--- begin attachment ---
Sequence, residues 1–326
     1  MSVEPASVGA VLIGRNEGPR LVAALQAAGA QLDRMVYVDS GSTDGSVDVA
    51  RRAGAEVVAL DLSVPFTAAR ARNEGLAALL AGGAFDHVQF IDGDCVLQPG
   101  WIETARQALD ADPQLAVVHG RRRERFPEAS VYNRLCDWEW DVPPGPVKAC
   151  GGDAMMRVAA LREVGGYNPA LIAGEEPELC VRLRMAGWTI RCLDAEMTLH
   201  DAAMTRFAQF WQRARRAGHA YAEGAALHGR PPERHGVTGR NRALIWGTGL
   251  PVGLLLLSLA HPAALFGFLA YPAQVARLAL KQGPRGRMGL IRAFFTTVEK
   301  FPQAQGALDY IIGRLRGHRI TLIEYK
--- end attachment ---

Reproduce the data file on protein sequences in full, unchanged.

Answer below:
Sequence, residues 1–326
     1  MSVEPASVGA VLIGRNEGPR LVAALQAAGA QLDRMVYVDS GSTDGSVDVA
    51  RRAGAEVVAL DLSVPFTAAR ARNEGLAALL AGGAFDHVQF IDGDCVLQPG
   101  WIETARQALD ADPQLAVVHG RRRERFPEAS VYNRLCDWEW DVPPGPVKAC
   151  GGDAMMRVAA LREVGGYNPA LIAGEEPELC VRLRMAGWTI RCLDAEMTLH
   201  DAAMTRFAQF WQRARRAGHA YAEGAALHGR PPERHGVTGR NRALIWGTGL
   251  PVGLLLLSLA HPAALFGFLA YPAQVARLAL KQGPRGRMGL IRAFFTTVEK
   301  FPQAQGALDY IIGRLRGHRI TLIEYK